Sacramento agent's instinct saves children from online predator


When American officially signed ECPAT-USA’s Tourism Child-Protection Code of Conduct (The Code) last month, it was a formal recognition of our longstanding commitment to help frontline team members identify and report signs of human trafficking. As the world’s largest airline, we play an important role in this effort.

For Sacramento, California (SMF) Customer Service Agent Denice Miracle, a normal Thursday afternoon late last summer evolved into a jarring example of how quickly two young lives could have been forever changed, were it not for a decision to let suspicion drive action.

Shortly after 3 p.m., two girls — one 17, the other 15 — approached the ticket counter to check in for a flight. There were immediate red flags: There was no adult with them; they had no identification; the tickets were one-way and multi-leg; they were booked in First Class; and the credit card used to reserve their seats was in neither of their names. In fact, it was flagged as fraudulent.

Denice told the girls they wouldn’t be able to fly, so they walked away and sat down at a nearby table. One made a phone call.

“Between the two of them, they had a bunch of small bags. It seemed to me as if they were running away from home,” Denice said. “They kept looking at each other in a way that seemed fearful and anxious. I had a gut feeling that something just wasn’t right.”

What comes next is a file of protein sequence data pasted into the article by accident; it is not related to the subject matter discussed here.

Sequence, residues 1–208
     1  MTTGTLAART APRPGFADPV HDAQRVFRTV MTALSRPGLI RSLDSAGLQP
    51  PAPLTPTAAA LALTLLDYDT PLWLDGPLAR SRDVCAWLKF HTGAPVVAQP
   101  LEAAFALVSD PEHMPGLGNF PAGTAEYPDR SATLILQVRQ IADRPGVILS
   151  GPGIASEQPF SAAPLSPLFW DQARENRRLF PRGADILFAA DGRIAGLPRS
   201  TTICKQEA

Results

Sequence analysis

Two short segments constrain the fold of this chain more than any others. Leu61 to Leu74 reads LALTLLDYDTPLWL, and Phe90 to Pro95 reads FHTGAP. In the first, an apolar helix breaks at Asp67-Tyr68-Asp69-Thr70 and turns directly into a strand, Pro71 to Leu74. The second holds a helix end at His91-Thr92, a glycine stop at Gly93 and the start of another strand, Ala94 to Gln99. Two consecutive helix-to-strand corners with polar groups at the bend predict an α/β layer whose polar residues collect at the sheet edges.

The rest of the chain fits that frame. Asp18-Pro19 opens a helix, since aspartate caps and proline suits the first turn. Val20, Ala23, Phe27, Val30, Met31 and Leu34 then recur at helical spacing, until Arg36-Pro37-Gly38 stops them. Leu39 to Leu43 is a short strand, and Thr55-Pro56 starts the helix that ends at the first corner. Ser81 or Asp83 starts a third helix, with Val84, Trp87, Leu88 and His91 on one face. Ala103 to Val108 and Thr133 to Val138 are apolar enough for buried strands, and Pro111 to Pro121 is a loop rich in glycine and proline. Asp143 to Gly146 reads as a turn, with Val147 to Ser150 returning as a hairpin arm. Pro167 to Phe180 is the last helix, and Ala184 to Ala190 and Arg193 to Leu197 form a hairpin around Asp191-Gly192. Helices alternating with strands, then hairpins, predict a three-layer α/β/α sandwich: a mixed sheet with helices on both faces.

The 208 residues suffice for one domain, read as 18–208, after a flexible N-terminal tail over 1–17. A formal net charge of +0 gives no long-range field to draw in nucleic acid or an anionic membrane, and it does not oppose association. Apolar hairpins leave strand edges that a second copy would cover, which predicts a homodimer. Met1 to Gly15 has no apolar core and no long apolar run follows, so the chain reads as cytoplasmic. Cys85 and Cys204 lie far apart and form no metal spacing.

Denice called the Sacramento County Sheriff’s Department Airport Bureau and explained the situation. It would prove to be a life-altering decision. Four deputies responded, and the story they describe in their written summary of the incident is haunting.

The girls met a man they knew as "Drey" on Instagram. He invited them to New York for the weekend to earn $2,000 doing some modeling and performing in music videos. Without their parents’ knowledge, they went to the airport. They told deputies they believed their tickets were round-trip. When the deputies shared that the tickets were in fact one-way, the girls were described as "shocked." And remember how one of them got on the phone after Denice said they couldn’t fly? Deputies later discovered it was “Drey” on the other end — for the last time. Attempts to call him back failed. His Instagram profile disappeared. Just like that, the man these girls trusted to fly them across the country for some work and quick cash had vanished.

Deputies reached the girls’ parents and told them they believed the girls to be victims of attempted human trafficking. Thankfully this story ends with them both returning home safely — in large part because of an alert team member who saw something and said something.

“I’m proud of Denice and how she put her training into action to save these children,” said SMF General Manager Aleka Turner. “She is a testament to the critical role our frontline team members play each and every day in the operation and the lives of each person they come in contact with.”

“She’s a true professional with a huge heart,” Aleka continued. “This takes Elevating the Everyday Experience to a whole new level and one that will never be forgotten.”

Customer Service Agent Denice Miracle and Sacramento County Deputy

Customer Service Agent Denice Miracle and Deputy Todd Sanderson of the Sacramento County Sheriff’s Department Airport Bureau